France ranks but 13th on Europe's payscale

6th April 2006, Comments 0 comments

NANTES, April 6, 2006 (Expatica) — Compared to its European neighbours, France is stuck somewhere in the middle in terms of real wages and spending power, says a new report from the Federation of European Employers (FedEE).

NANTES, April 6, 2006 (Expatica) — Compared to its European neighbours, France is stuck somewhere in the middle in terms of real wages and spending power, says a new report from the Federation of European Employers (FedEE).

According to the Pay in Europe 2006 report — the seventh annual such report from the FedEE —a substantial pay gap still exists between rich and poor countries in the European Union.

The report compares both median hourly wages for some 44 European nations and 'net spending power' by calculating in vacation pay, taxes and relative cost-of-living among other factors.

Workers in Denmark earn the highest hourly wages, but workers in Luxembourg have the most actual buying power; Denmark drops to number two on this second ranking.

In terms of real wages, Denmark is followed by Norway, Switzerland, Luxembourg and Germany.

Using Denmark as the baseline, French workers earn but 47 percent of Danish wages but command two-thirds of their spending power. France ranks ahead of Italy, Austria, Spain and Greece for hourly wages, although Austria pulls ahead to number 10 on the list in terms of spending power.

Workers in the UK rank 12th on the list for hourly wages, but ninth for spending power.

Albania, Ukraine, Bulgaria, Belarus and Moldova rest at the bottom of the league.

However, as Secretary-General of the Federation of European Employers, Robin Chater, points out, although there are large differences in the gross pay received by workers across Europe, the picture changes dramatically once tax, social security, holiday bonus supplements and differences in spending power are taken into account.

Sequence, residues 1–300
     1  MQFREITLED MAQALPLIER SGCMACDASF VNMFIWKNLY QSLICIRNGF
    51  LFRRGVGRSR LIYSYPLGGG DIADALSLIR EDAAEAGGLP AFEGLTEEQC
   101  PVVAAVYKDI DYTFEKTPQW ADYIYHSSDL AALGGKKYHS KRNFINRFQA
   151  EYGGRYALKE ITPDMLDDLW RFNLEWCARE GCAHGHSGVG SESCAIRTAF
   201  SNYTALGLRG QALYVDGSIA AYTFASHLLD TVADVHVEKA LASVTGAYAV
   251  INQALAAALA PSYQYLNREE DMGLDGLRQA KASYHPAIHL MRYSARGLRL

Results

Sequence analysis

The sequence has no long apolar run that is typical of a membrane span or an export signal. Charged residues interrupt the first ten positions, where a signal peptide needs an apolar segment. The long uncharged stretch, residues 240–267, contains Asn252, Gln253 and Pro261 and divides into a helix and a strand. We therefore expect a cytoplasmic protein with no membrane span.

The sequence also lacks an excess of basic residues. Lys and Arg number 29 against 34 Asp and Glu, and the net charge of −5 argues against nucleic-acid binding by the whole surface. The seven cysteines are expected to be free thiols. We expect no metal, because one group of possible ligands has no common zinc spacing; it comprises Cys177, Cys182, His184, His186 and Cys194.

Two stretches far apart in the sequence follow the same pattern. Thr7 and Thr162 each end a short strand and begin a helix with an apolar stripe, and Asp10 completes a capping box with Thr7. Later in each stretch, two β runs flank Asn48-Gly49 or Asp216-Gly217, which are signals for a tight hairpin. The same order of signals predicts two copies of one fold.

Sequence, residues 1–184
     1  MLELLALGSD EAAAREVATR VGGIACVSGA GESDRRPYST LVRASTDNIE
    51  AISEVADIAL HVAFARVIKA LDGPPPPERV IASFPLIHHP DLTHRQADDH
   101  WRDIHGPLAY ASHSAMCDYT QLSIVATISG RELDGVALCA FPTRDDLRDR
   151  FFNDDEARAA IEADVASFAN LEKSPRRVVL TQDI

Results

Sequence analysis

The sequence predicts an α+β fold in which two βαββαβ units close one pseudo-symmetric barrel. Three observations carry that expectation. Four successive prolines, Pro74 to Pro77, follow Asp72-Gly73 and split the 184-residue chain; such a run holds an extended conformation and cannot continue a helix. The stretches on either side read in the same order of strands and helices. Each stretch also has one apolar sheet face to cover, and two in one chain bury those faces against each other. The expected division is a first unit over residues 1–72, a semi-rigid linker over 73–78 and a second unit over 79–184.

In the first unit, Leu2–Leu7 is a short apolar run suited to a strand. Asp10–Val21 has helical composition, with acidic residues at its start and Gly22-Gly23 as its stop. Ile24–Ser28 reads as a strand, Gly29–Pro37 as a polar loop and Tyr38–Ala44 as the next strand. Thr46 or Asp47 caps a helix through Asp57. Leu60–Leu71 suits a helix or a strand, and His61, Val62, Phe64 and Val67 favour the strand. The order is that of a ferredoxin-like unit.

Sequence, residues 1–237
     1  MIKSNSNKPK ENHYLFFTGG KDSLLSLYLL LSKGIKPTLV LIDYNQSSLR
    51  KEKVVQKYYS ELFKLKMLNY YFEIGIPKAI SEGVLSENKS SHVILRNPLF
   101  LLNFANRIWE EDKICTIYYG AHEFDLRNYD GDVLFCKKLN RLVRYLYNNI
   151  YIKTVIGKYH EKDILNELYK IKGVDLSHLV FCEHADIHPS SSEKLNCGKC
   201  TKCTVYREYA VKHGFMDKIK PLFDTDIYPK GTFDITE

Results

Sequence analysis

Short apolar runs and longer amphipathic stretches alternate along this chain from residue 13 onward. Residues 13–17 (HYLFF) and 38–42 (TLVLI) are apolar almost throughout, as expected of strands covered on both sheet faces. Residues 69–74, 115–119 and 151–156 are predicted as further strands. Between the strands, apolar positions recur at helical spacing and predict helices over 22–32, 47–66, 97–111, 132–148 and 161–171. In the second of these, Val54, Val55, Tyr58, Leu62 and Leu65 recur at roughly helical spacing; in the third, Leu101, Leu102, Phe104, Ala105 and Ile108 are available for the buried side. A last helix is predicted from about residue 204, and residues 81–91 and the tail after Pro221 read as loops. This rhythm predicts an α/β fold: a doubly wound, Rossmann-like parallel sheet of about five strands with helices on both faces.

"These factors all tend to narrow the gap between countries," he said.
 
For example, Chater explains, "Although median gross hourly earnings in Spain are only 30 percent of that in Denmark, the real net spending power experienced by the typical Spanish worker is actually 70 percent of that enjoyed by an equivalent Danish worker."
 
Chater continues, "After having looked at the changes of the relative difference of all the other countries in relation to Denmark, we find that all countries improve position in relation to Denmark except Iceland, because the cost of living in Iceland is 22 percent higher than even in Denmark."
 
The employees who turn out to be the best off are those in Luxembourg.
 
At the end of the day, the living standards across Europe aren't as different as they might first appear.
 
Also contributing to the narrowing of the pay gap across Europe is the statutory 13th and 14th month payment in some countries.
 
"Governments allow employers to pay very different salaries to employees," says Chater, "But through tax systems - they even it out."
 
There is also a continuous catching up process due to differences in wage inflation in countries such Germany, the Netherlands, Slovakia and the Czech Republic, says Chater.  Plus, "employers in higher-paying countries tend to pay lower annual wage increases, therefore there is a secondary equalising process taking place," he says.
 
This is the seventh annual pay table produced by FedEE, which uses an expert system into which data is fed from a number of sources based on standard job classifications.
 
Chater says that the pay table was started to help large companies when setting up factories and offices in another European country for the first time.

Copyright Expatica 2006

Subject: French news

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